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A Conversation With Debbie Wasserman Schultz

Representative Wasserman Schultz visits with students in her Florida district. 

Representative Debbie Wasserman Schultz, a Democrat, is a member of the United States House of Representatives. A former member of the Florida State Legislature, she represents Florida’s 23rd District, which includes Miami. She has served in the House since 2005. 

Wasserman Schultz is the first Jewish American to represent Florida in the U.S. Congress. She was instrumental in the establishment of May as Jewish American Heritage Month. I recently spoke with the Congresswoman via video. Here are highlights from our conversation, which has been edited for length and clarity.

How did the idea for Jewish American Heritage Month become a reality?

Constituents from the Greater Miami Jewish Federation, as well as members of the Jewish Museum of Florida, approached me with the idea of a Jewish American Heritage Month 17 years ago. We had just finished the celebration of 350 years of Jewish life in the U.S. Because the Jewish community is such a small percentage of our population—fewer than 2% of Americans are Jewish—we realized that most people in the U.S. have either never met a Jewish person, or they don’t know that we’re a religion, culture, and heritage. They may not know of the contributions Jews have made throughout our history. So, like Black History Month and National Hispanic Heritage Month, the idea to introduce legislation on behalf of Jewish Americans was brought to me. I introduced that bill and was able to work with the late Senator Arlen Specter from Pennsylvania, who was a Republican. We easily passed the legislation out of the House and Senate. In 2006, President George W. Bush issued the first proclamation. 


Many Americans don’t know about Jewish traditions, Wasserman Schultz says. 

Why do you think national recognition was so important?

Over the years, there has been a dangerous rise in anti-Semitism [hostility to or prejudice against Jewish people]. Jewish American Heritage Month helps us raise awareness and educate Americans about important contributions that Jewish people have made throughout history. For example, Jewish people fought in the Revolutionary War to make sure Americans could be free. Whether it’s through scientific discoveries, entertainment, or education, it’s remarkable how many significant contributions have been made by Jewish Americans. Hopefully, when we provide that education, there’s more understanding and less bigotry.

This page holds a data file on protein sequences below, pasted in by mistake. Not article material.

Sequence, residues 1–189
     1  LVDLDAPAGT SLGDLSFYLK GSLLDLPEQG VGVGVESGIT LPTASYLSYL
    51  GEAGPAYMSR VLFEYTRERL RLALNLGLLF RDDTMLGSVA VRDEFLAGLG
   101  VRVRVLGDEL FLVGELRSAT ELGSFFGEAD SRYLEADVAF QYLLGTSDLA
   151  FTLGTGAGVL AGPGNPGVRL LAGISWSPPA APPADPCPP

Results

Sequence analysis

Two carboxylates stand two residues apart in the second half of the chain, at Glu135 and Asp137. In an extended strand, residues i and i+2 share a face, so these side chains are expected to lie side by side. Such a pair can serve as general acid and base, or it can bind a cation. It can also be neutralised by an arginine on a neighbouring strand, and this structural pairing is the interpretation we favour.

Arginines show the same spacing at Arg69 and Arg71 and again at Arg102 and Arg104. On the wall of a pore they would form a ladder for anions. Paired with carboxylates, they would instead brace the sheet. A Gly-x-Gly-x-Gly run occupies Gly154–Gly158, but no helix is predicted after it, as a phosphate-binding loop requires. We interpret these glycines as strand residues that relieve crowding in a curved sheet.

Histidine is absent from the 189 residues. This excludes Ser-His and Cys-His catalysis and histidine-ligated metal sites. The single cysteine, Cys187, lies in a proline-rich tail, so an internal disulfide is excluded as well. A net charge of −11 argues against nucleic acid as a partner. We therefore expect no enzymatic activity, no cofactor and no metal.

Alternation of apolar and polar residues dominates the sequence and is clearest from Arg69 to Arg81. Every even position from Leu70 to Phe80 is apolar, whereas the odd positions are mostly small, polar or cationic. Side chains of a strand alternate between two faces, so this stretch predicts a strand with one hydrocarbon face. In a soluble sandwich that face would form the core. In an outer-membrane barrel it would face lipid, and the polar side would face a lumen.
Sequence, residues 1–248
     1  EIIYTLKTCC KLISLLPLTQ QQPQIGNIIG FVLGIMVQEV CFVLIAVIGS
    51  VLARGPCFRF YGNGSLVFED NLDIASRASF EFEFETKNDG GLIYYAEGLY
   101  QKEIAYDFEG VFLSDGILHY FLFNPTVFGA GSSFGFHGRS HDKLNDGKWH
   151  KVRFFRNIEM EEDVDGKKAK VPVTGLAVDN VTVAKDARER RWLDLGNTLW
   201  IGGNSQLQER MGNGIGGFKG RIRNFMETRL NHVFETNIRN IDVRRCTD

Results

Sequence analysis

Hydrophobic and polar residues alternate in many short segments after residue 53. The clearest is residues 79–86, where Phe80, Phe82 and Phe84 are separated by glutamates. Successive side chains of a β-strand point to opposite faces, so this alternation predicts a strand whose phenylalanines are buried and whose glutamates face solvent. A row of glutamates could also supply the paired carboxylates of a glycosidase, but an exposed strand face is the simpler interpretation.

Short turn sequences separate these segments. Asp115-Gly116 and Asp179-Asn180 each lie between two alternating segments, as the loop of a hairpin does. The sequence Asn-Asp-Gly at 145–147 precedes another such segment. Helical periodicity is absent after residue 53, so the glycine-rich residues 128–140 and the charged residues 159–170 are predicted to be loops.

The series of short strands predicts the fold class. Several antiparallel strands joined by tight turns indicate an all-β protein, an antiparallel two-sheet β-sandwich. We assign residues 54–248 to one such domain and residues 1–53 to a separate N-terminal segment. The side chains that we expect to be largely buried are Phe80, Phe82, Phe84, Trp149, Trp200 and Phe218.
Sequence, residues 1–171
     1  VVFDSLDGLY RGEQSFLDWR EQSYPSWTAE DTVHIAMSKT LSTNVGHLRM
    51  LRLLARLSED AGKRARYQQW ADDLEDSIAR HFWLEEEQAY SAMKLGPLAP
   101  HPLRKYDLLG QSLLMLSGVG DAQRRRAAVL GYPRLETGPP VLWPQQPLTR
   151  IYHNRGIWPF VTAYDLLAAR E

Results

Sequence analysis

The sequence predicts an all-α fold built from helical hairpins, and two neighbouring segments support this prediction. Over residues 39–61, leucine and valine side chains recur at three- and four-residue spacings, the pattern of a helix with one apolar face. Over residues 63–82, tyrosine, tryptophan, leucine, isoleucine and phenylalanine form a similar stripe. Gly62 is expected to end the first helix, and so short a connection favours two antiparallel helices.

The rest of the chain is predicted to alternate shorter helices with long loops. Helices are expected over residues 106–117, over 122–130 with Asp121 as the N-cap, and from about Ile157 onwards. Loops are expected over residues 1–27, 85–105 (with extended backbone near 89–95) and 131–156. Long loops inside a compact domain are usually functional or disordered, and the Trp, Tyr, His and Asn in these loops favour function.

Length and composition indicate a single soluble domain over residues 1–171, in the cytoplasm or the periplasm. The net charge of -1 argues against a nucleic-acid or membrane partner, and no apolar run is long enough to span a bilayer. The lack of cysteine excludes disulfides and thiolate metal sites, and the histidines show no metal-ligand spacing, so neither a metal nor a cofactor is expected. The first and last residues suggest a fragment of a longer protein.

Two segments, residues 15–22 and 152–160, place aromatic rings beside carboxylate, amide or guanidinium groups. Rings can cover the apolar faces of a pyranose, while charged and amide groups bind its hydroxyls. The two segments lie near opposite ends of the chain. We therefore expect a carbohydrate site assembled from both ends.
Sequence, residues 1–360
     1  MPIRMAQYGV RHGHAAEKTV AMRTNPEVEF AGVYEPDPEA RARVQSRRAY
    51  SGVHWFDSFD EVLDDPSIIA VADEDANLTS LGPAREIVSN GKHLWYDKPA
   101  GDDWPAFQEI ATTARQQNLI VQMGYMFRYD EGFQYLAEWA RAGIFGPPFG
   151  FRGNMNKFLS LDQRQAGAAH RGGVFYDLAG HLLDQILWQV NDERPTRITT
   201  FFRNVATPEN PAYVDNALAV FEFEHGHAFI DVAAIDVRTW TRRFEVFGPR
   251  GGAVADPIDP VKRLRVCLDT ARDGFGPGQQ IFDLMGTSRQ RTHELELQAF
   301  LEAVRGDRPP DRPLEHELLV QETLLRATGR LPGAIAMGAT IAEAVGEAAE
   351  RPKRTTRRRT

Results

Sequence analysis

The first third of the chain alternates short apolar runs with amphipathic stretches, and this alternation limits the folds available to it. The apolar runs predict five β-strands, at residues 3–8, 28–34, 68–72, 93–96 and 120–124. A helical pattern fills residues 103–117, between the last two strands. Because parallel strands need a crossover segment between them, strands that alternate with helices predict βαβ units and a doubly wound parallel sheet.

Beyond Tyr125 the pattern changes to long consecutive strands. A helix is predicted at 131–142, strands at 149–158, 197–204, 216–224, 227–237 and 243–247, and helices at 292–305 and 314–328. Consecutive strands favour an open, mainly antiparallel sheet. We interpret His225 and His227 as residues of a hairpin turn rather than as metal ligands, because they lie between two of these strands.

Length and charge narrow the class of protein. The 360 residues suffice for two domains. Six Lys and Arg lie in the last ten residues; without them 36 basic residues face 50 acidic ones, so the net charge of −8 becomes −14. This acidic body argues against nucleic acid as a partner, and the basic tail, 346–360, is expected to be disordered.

How can celebrating our uniqueness help build unity in our country? 

While celebrating our unique cultures, it’s important that we do so in a way that helps all of us feel more a part of the American dream. We are all contributors to weaving the beautiful tapestry that makes the U.S. the wonderful country we are.

When you immigrate to the U.S., you blend your culture, heritage, and uniqueness into the idea that you’re an American, and your culture maybe fades into the background a little bit. But you still see the uniqueness in each culture. That’s also what's special about the U.S. You can celebrate your culture, heritage, and where you came from originally, as well as be proudly American. These months of recognition allow us to do both, to celebrate our cultures and also celebrate our impact on the U.S. 


Wasserman Schultz believes that schools should be “an open platform for competing ideas and American values.”

The midterm elections are coming up in November. What do you want our readers to know about this civic process even though they’re too young to vote?

It’s important for voters to make decisions based on the policies candidates champion. My belief is that we should continue to elect candidates who will make sure the public school system is an open platform for competing ideas and American values. We can make sure that kids grow up prepared to be the best citizens, and really be able to finish school prepared for whatever path they choose in life. 

As Florida’s first Jewish Representative in Congress, what advice do you have for kids about standing up for what you believe in?

That’s such an important question right now. We’re seeing increasing restrictions in schools for kids standing up for what they believe in. Certainly, you have to follow the rules in school and make sure the learning process isn’t interrupted. But I think it’s admirable that kids in my state, for example, have stood up against legislation designed to limit what can be taught in classrooms about gender orientation and sexual identity. Kids across our state recently left class and protested on their school grounds. There shouldn’t be a suppression of kids being able to be who they are, to express that freely, and to have comfort in school that they’re going to be protected. The late John Lewis, the great civil rights leader whom I had the privilege of knowing and serving with in Congress, always said, “Sometimes, you have to get in good trouble.”



Photos, top to bottom: courtesy of Debbie Wasserman Schultz; © Cavan Images / Getty Images; © LAW Ho Ming / Getty Images